We all want to be considered “mentally healthy people,” but what does that mean? What does that look like? I recently talked with Stacey McDonald about how to be mentally healthy people on an episode of Your Hope-Filled Perspective podcast [How To Be Mentally Healthy – Episode 217]. Stacey grew up in a Christian home, and from the outside looking in, no one would know the pain she endured at the hands of a loved one who struggled with mental illness. She has offered forgiveness, found healing, and now comforts others out of the comfort God gave her. So I asked Stacey to share more of her wisdom and insight with us here.
Be sure to read to the end for a book giveaway!
(If there are affiliate links in this post, meaning, if you click through and make a purchase, I may receive a commission (at no extra cost to you)).
Face Your Pain for Healing
By Stacey McDonald
Many of us have annual physicals and mammograms and go to dentist appointments once or twice per year. And yet, to take intentional steps toward healing from hurt, pain and loss seems to be an elusive ever moving goal. We may busy ourselves with anything that helps us avoid even thinking about our emotional wounds of grief, loss, estranged relationships, or trauma.
Ignoring emotional pain won’t make it disappear
We may attempt to shout over emotional pain. Dance over it. Speak in tongues over it. Have sex over it. Drink and smoke over it. Work extra hours over it. Hang around crowds to muffle the pain or earn degrees to ignore it. But pain is always a signal that something needs to be addressed.
Thankfully, the signal will not stop emitting simply because we are pretending it’s not there. Just as if you were dealing with an untreated broken leg, emotional pain will stay right there and take a seat in your office, lay in your bed, sit with you during praise and worship, and take a seat at your dinner table to ensure that the place you’re hurting is healed. An untreated broken leg gives us a great visual of how painful and foolish it would be to attempt to ignore the pain and continue to function as if nothing is wrong, especially when help is readily available.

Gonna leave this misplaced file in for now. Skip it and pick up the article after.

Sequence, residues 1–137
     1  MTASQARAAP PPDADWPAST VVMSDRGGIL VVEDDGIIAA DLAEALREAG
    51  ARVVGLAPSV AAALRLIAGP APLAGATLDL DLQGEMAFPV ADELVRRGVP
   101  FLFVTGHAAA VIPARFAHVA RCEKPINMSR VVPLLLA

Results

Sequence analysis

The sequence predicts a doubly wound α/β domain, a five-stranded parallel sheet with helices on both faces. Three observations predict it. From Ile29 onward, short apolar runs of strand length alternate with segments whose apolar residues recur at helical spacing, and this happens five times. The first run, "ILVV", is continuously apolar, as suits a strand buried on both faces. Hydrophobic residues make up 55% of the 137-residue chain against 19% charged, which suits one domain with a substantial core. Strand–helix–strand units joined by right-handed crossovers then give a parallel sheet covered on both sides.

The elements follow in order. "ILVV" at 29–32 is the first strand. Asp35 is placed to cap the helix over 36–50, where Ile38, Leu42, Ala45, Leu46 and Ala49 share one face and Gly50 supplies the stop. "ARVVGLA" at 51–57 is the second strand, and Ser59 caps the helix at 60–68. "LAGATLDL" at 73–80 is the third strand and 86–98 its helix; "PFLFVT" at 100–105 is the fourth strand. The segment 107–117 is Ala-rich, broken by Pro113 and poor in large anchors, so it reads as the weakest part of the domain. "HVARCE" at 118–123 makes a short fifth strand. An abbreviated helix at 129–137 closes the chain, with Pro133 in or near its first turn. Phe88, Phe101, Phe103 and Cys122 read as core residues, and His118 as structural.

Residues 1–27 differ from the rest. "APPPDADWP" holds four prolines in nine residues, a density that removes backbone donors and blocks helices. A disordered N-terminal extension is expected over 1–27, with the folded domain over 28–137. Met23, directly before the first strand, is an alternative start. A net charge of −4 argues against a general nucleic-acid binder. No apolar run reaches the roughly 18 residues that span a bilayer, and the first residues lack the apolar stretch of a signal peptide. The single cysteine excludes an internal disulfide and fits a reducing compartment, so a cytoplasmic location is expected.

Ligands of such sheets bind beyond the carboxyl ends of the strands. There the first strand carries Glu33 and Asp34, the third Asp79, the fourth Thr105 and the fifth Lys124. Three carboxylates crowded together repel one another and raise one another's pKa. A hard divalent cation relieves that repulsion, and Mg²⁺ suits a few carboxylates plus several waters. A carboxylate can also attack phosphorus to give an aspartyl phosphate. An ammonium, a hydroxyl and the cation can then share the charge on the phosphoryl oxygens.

Perhaps one reason we avoid discussions about mental and emotional pain is because we feel like it makes us less spiritual to acknowledge the pain, anxiety, or depression. If I do not always have feelings of victory, perhaps that means I’m not as holy? If I named it and claimed it but there has been no relief, does that mean my Holy Spirit ran out of batteries? If I fasted and prayed and after all that I’m still living with or dealing with a loved one with bipolar disorder, an eating disorder, depression and so on, does that mean my salvation is broken? I personally believe erroneous fears such as these are a stumbling block to mental wellness.
The truth of the matter is, one of the fruits of the spirit is long-suffering. All the rest of the fruit tastes good, except that one! Not everything will be an Acts 2 “suddenly.” Some things will require the grace of long-suffering! We want God to give us all the love, joy, peace, gentleness, goodness, faith, meekness, and temperance. Everything but long-suffering. Truly, I have never heard a song title with the word longsuffering in it because nobody would want to listen to it!
What King David understood about pain
Yet, David, the man after God’s own heart, did not silence his emotional pain in an effort to be super holy, a super king or a superhuman. He allowed pain to show him what places needed healing in his life. Pain caused David to cry out to God saying, “I’m languishing” (Ps. 6:2), “My bones are troubled” (Ps. 6:2), “I’m weary from my groaning” (Ps. 6:6), “I flood my bed with tears” (Ps. 6:6), “There’s sorrow in my heart all day” (Ps. 13:2) and “I’m lonely” (Ps. 25:16).